Authorities believe ‘lone wolf’ is responsible for Canada terror attack, police chase
EDMONTON, Alberta — A car and knife attack on a police officer outside a football game and a high-speed chase of a moving van that left four people injured appear to be the work of a single suspected terrorist, Canadian authorities said Sunday.
Edmonton Police Chief Rod Knecht said officers took the suspect, later described as a 30-year-old Edmonton man, into custody and he is believed to have acted alone. Knecht said an Islamic State group flag was found in the car that hit the officer, and Canadian Prime Minister Justin Trudeau called it a terror attack.
“To the best of our knowledge, this was a lone wolf attack,” Edmonton Mayor Don Iveson said.
The incident took place outside a Canadian Football League game at Edmonton’s Commonwealth Stadium on Saturday night.
Police released video showing a white Chevrolet Malibu ramming into a police officer standing in front of his cruiser. The officer is sent flying in the air while the Malibu crashes into the police car. The driver then gets out and appears to stab the officer.
“Seeing the video is very upsetting because of the level of violence and level of intent,” Iveson said.
Knecht said the suspect fled on foot after stabbing the officer.
The officer was taken to a hospital and treated for non-life-threatening injuries while a manhunt was launched, and Knecht said his condition was “not critical.”
A few hours later, a U-Haul van was stopped at an impaired driving checkpoint north of downtown, on Wayne Gretzky Drive. Knecht said the name of the driver was similar to the name of the registered owner of the car that hit the officer.
He said the van then sped off toward downtown with police in pursuit.
Police say the vehicle swerved at pedestrians at crosswalks throughout the chase. Four people were hurt, but the extent of their injuries was not immediately known.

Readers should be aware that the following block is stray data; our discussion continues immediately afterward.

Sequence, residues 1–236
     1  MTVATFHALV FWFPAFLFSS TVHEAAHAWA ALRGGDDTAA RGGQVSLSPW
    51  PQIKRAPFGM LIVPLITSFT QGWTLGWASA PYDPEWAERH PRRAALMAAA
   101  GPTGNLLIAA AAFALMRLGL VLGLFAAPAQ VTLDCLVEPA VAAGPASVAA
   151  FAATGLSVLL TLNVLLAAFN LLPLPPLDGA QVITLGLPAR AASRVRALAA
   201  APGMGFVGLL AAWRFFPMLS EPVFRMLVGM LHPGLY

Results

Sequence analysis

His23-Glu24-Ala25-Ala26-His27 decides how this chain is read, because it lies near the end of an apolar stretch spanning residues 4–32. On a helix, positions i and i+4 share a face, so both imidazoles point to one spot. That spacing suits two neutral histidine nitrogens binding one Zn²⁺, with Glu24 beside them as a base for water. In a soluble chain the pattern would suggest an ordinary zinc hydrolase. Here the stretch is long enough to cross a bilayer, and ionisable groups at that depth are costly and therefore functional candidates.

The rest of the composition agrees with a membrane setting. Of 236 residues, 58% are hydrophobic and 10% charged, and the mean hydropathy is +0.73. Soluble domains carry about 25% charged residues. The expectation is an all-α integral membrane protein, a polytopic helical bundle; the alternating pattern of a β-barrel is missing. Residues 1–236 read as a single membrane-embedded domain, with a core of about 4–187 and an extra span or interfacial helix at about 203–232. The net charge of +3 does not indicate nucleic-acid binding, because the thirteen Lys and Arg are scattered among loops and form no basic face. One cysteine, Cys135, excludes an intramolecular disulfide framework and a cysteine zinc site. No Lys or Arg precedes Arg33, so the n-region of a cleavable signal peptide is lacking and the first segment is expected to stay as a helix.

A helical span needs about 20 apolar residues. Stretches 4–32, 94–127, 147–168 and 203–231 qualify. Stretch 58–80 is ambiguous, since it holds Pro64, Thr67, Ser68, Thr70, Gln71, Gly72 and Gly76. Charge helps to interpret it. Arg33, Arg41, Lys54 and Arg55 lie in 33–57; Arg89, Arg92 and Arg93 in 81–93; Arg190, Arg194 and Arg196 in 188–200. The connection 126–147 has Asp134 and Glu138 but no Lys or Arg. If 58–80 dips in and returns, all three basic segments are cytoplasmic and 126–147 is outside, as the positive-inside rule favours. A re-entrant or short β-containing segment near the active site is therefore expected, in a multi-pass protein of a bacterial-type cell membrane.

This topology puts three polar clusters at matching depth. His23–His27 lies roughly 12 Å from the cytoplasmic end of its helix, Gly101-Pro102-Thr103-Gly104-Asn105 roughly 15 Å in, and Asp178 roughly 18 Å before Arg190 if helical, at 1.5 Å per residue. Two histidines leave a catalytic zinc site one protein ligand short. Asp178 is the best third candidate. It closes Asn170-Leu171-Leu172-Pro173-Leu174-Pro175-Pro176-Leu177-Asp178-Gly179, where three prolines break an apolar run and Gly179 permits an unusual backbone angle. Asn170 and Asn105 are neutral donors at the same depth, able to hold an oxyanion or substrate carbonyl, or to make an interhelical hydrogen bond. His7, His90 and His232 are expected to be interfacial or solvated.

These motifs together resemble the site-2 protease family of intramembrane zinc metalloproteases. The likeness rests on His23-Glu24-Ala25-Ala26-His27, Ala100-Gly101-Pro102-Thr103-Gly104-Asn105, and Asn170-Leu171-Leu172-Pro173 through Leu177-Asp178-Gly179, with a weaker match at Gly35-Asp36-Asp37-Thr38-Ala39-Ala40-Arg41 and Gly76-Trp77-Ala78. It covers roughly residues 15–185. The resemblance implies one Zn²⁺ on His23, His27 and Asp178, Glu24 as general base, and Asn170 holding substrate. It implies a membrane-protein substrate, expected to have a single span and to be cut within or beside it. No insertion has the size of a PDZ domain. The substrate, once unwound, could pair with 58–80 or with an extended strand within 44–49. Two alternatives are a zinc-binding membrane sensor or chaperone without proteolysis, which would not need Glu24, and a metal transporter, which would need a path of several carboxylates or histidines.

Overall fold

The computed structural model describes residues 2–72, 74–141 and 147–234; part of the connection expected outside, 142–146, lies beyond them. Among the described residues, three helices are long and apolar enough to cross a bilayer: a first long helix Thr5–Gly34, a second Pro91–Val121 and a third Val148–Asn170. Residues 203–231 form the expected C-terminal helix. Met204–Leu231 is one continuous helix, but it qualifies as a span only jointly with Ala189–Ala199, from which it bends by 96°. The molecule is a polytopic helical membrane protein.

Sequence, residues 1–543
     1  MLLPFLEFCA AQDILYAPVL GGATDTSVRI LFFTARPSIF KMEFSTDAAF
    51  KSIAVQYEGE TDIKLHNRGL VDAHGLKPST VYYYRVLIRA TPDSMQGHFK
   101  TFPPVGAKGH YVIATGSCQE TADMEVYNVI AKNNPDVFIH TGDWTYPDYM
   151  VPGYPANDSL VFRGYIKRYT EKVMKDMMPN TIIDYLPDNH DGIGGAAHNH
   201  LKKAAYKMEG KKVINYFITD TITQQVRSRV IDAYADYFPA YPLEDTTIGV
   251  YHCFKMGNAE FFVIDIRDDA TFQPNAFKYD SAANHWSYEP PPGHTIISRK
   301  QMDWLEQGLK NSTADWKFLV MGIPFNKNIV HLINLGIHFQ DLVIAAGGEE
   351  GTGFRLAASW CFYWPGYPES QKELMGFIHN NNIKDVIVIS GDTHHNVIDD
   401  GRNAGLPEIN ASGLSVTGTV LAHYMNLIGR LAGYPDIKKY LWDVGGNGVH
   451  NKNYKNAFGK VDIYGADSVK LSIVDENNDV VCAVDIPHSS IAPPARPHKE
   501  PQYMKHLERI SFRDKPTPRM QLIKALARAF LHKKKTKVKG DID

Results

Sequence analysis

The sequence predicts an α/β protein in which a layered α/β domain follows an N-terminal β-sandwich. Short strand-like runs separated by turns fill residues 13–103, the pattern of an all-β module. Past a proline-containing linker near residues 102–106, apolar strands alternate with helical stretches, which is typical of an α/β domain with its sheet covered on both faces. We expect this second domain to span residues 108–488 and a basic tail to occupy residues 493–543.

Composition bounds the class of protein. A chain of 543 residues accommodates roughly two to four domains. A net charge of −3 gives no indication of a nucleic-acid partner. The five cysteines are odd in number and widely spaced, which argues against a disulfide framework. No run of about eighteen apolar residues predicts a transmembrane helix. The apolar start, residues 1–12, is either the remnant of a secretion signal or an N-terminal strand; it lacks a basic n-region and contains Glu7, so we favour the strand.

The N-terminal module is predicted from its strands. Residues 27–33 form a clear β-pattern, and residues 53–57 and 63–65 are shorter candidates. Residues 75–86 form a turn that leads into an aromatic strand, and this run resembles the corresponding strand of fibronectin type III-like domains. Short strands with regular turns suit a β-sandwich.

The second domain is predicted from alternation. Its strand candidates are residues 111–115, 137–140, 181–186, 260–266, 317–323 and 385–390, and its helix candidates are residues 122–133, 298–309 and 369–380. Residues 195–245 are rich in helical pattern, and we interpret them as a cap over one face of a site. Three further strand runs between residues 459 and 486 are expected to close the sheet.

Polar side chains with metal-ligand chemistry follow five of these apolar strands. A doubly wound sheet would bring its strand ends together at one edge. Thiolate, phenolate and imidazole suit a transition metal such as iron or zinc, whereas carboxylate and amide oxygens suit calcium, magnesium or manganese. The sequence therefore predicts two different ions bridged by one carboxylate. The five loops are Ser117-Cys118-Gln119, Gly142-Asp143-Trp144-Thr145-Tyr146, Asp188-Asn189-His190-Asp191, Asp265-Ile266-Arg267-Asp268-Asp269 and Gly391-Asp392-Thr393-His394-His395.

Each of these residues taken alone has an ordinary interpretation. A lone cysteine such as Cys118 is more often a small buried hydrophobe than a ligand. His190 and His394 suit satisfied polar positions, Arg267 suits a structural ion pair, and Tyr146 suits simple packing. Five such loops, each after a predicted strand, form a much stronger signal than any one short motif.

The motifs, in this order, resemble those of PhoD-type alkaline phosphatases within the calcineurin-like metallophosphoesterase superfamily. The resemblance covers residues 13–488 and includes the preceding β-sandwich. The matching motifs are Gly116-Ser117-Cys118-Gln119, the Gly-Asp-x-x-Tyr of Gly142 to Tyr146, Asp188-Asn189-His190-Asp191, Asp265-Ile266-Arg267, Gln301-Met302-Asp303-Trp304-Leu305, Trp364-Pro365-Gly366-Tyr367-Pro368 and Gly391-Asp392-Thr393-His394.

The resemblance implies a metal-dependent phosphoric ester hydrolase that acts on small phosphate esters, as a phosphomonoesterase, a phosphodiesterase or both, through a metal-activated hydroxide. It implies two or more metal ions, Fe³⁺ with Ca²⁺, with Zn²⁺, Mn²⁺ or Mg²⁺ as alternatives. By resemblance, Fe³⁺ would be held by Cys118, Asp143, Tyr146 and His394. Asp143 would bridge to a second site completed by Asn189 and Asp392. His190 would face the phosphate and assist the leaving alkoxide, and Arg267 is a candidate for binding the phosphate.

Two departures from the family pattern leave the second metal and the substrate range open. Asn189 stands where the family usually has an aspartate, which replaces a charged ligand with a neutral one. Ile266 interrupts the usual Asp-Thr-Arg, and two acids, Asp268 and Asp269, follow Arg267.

The van eventually flipped near a downtown hotel and the suspect was arrested. Knecht said the man was known to police but did not release his name.
“It is believed at this time that these two incidents are related,” Knecht said. “It was determined that these incidents are being investigated as acts of terrorism.”
Knecht said Edmonton police were working with the Royal Canadian Mounted Police’s National Security Enforcement Team and other Canadian security agencies. He advised the public to remain vigilant and observant of their surroundings.
Witness Pat Hannigan told reporters he saw police pull a man from the windshield of the toppled van and estimated that 30 police cars had been chasing it.
Austin Elgie, manager of The Pint bar just west of the downtown core, also saw the van zoom by with police giving chase.
It “peeled” into an alley where people were smoking, he said.
“It was crazy,” Elgie said. “It just came around the corner, ripping. I thought at first he was pulling over for the cops coming by, but he was clearly the one they were chasing.”
Elgie said the van hit a man who was a bar customer.
“I have a registered nurse on my bar team, and I grabbed her and had her look after the guy until the ambulance came,” he said. “He was breathing and we got him in the ambulance and he was still breathing.”
It was military appreciation night at the football game between the Edmonton Eskimos and the Winnipeg Blue Bombers. Canada’s chief of defense staff, Gen. Jonathan Vance, conducted the pregame coin flip and two CF-18 fighter jets did a fly-past before kickoff. More than 800 Boy Scouts were expected at the game.
Trudeau said in a statement that Canadians “stand with the people of Edmonton after the terrorist attack on Saturday that sent an Edmonton Police Service officer to hospital and injured a number of innocent people who were out to cheer on their football team and to enjoy an evening in their city.”
“We cannot — and will not — let violent extremism take root in our communities. We know that Canada’s strength comes from our diversity, and we will not be cowed by those who seek to divide us or promote fear,” Trudeau said.
A Public Safety Department spokesman said the national terrorism threat level for Canada remains at “medium,” where it has stood since the week a gunman stormed Parliament in Ottawa in fall 2014. The man killed a soldier at the national war memorial before being shot dead inside Parliament.
In France on Sunday, a man with a knife attacked people at the main train station in the southeastern city of Marseille, killing two women before being fatally shot by soldiers, officials said.